General insolvency laws in Australia will operate in the context of cloud computing services in relation to the insolvency of an Australia-based cloud provider. Such laws could, in relevant circumstances, result in the appointment of an insolvency practitioner, such as a receiver, voluntary administrator or liquidator, as the controller of the cloud provider.
In such instances, the rights of customers of the cloud provider will primarily remain regulated under the agreement pursuant to which the cloud services are provided. However, it is clearly possible that such circumstances could lead to the restructuring or ultimately the liquidation of the cloud provider, and the cessation of the relevant services. Key questions at that point include the rights of customers to receive transitional services to enable transition to an alternative provider, as well as access to customer data. In some instances, cloud providers subject to external administration may be entitled to disclaim certain contractual obligations or terminate customer contracts. Customers with claims against such cloud providers will be required to participate in relevant processes as (generally unsecured) creditors.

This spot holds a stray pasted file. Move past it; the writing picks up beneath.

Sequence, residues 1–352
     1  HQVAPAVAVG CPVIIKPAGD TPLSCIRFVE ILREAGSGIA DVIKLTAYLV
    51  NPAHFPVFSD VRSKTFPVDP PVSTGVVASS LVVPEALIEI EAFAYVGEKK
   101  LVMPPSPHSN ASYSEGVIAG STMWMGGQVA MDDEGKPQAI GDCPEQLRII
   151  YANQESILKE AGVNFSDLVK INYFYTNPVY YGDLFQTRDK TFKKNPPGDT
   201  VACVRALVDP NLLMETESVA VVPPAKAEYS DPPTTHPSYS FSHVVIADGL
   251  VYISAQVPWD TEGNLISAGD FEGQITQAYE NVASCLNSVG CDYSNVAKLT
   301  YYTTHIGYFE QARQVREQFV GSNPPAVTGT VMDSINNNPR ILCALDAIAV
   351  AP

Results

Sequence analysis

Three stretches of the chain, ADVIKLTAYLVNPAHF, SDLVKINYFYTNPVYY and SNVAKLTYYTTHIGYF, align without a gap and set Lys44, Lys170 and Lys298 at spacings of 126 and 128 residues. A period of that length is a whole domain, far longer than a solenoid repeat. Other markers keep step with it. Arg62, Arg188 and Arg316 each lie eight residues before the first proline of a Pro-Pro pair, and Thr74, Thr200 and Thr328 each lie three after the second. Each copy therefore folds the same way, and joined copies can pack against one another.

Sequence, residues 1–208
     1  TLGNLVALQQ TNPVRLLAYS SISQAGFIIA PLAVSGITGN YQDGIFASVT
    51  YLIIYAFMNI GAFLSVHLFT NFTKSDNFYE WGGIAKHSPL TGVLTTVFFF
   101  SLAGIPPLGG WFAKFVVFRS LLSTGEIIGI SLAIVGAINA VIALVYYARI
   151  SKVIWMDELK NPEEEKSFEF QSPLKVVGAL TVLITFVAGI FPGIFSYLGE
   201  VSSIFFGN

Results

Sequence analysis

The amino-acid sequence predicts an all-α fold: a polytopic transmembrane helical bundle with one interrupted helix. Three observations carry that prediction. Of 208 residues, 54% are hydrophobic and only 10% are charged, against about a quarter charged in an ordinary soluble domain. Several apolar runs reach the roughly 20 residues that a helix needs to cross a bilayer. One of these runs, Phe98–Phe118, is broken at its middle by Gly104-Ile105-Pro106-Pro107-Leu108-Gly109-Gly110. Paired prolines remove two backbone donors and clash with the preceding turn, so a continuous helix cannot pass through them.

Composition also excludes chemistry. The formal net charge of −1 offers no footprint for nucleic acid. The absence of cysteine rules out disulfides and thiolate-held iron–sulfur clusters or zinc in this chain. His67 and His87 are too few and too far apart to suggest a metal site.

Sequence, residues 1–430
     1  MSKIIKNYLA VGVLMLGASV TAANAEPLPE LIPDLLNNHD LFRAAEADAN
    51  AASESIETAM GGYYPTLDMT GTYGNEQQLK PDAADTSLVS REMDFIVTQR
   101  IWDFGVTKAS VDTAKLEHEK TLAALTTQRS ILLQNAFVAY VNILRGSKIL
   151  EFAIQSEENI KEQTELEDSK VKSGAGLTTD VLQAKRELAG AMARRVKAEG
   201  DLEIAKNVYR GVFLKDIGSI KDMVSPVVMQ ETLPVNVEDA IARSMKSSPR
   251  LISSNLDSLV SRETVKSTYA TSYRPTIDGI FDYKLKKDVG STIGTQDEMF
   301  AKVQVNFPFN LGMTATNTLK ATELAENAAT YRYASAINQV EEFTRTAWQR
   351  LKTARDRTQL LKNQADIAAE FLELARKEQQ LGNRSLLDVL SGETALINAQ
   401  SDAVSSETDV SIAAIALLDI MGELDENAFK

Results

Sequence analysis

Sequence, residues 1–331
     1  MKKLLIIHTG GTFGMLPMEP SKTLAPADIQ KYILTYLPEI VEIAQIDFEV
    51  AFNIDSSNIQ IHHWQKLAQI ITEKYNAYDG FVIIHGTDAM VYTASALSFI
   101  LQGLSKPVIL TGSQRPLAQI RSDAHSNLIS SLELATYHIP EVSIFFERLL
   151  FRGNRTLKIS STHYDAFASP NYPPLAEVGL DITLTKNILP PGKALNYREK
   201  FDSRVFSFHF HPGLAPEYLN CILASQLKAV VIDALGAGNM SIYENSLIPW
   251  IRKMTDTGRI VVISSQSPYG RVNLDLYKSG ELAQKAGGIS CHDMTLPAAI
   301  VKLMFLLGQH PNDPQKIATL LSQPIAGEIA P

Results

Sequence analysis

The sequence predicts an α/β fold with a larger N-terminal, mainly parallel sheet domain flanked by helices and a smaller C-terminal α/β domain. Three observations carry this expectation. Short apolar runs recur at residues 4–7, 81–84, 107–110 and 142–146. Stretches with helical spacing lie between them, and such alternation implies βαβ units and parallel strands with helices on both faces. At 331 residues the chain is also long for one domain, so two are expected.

For contracts entered into after 1 July 2018, contractual rights that arise only because of certain insolvency-related events (entering into an arrangement or compromise in order to avoid an insolvent winding up, the appointment of a receiver or similar, or a company entering into administration) will be unenforceable in certain circumstances. Practically this may limit the enforcement of suspension, termination or step-in rights until the statutory stay on enforcement is lifted by a court order, or consent to enforcement is given by the counterparty (or the administrator, scheme administrator or managing controller appointed to the counterparty).
Data protection/privacy legislation and regulation
Principal applicable legislation
Identify the principal data protection or privacy legislation applicable to cloud computing in your jurisdiction.
The Privacy Act is the primary legislation regulating the collection and storage of personal information in a cloud computing context in Australia.
Cloud computing contracts
Types of contract
What forms of cloud computing contract are usually adopted in your jurisdiction, including cloud provider supply chains (if applicable)?
Reporting by Gartner identifies the following breakdown of cloud computing contracts in the Australian market: